At River City in St. Louis, the $82 million expansion is progressing rapidly with the parking garage expected to open in about a month. The multipurpose event center is expected to come online before the end of next summer, and the hotel will open in the second half of 2013.

On Asian Coast Development, ACDL has received about $54 million of the $60 million capital raise that was previously announced in August. As a reminder, Pinnacle committed to investing $15.6 million for its 26% pro rata share of that capital raise. To date, we have contributed about $14 million of the $15.6 million, and we expect the remaining funds to close in the fourth quarter. ACDL continues to make meaningful progress on the development, and while there is work to do on the regulatory front, the project remains on track to open in the first quarter of next year. On Retama, we continue to make progress on the acquisition of Retama Park in San Antonio Texas. We expect the transaction to close in the first quarter of 2013.

On our balance sheet, we are in great shape with our net leverage remaining at around 4.5x in the third quarter despite significant expenditures on our development projects during the quarter. With Baton Rouge now open, cash flow from this property will help facilitate the buildout of our remaining development pipeline and we expect River Downs and the expansion of River City to contribute meaningful cash flow and value to shareholders without compromising our liquidity profile.

In summary, we're excited about our prospects, our portfolio and our development pipeline. We believe we have a strong financial profile, room for further operational improvements, and a team in place to execute our strategic objectives. Over the next year, we hope to continue to deliver value for all our constituencies and stakeholders at our company.

And with that, I'll turn the call back over to Anthony.

Anthony M. Sanfilippo

Great. Thank you, Carlos. And we are going to open up the line to anyone that may have a question.

Question-and-Answer Session

Operator

[Operator Instructions] Your first question comes from the line of Felicia Hendrix.

Felicia R. Hendrix - Barclays Capital, Research Division

I'd like to start on -- just a question on St. Louis. Margin expansion was obviously impressive and, Anthony, I know you don't like to identify targets, but is there a reason why you can't expand margins at that property close to where some of your competitors are? For example, Ameristar. I know there's some structural differences but barring that.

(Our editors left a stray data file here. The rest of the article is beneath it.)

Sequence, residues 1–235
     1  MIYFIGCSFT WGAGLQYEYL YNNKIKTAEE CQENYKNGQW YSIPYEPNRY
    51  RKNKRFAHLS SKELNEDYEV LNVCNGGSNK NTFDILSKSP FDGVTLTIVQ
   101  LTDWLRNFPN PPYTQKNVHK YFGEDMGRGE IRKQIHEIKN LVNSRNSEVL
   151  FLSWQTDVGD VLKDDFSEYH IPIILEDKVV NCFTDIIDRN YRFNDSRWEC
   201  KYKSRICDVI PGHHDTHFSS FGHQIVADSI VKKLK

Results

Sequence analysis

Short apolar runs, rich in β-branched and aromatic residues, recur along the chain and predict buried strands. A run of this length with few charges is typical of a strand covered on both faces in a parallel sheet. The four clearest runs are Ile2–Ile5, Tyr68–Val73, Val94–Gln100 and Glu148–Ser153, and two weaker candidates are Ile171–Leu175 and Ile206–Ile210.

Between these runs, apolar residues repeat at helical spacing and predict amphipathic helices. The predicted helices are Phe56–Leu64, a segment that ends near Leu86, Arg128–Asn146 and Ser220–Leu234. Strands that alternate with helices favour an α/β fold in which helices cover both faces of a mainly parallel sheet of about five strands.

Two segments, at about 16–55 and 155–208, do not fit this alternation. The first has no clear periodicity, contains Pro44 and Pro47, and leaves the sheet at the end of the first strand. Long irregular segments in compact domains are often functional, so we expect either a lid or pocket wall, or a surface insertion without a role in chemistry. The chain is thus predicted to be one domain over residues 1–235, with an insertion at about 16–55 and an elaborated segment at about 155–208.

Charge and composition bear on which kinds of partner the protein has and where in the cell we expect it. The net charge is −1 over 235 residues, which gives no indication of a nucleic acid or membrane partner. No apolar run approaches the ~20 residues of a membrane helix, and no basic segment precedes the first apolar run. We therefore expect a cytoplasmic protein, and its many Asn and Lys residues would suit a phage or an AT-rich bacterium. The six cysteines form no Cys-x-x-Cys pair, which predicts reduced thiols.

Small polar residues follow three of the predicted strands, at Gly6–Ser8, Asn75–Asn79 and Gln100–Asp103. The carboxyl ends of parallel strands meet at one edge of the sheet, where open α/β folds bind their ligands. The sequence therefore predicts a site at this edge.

Anthony M. Sanfilippo

The simple answer is no, there's not any reason why we can't expand margins there. We daily focus on taking things that are not of value out of the business and growing profitable revenue. We also continue to work -- one of our largest expenses is our marketing expenses, we continue to work to refine our marketing strategy and reinvestment to our guests.

We think we've got a great opportunity with a material change happening in St. Louis with the Caesars property, Harrah's, leading the market. They've had a large presence there, they've been there a long time. We believe part of their strength has been their loyalty program. We believe we've got the strongest loyalty program in the industry and we think that that's going to help us with this transition to improve upon our loyalty program and really build upon our guest base at the higher level. So I think you've seen results of -- we continue to improve our margins, not only in this property but all of our properties. And we're doing it in a way, Felicia, that we think leads to a very sustainable long-term viable company, as opposed to coming in and just making some dramatic cuts that may benefit in the short term but won't help the business in the long term.

Felicia R. Hendrix - Barclays Capital, Research Division

Anthony, just to a play devil's advocate for a moment. One could argue that Caesars has just hasn't really been paying attention to that property and when Penn comes in there'll be an invigorated energy level there. Obviously, you thought that through, but do you expect this, given your answer, I obviously understand that. But just wondering if you have any thoughts on Penn running that property versus Caesars?

Anthony M. Sanfilippo

Yes, I absolutely do. Penn is a very good operator and they do a nice job in all the markets that they're in. Penn though is not known in St. Louis. So Penn is going to have to build their presence with the Hollywood brand in Saint Louis. I do believe we have seen that it's difficult for people to make a change. And so we think that there's still a number of customers who have been very loyal at the Harrah's property, really, due to that total rewards that will now cause them to look up and start to decide if they would like to have a different experience that is going to help create by the improvements we're making at River City. As you know, we're adding a hotel that will be in place by the end of '13 and a parking garage will open up by Thanksgiving. So we like the position that we're in and what's happening with competitors today in St. Louis.

Felicia R. Hendrix - Barclays Capital, Research Division

Okay. That's really helpful. Ginny, on Baton Rouge, you'd mentioned that the property benefited from local and destination guests. Just wondering if you could talk about the mix of the definition guests, where are they mainly coming from? I know you targeted the Gulf Coast in New Orleans and we've seen reports recently about New Orleans being impacted. So just hoping you can give us more color there.

Virginia E. Shanks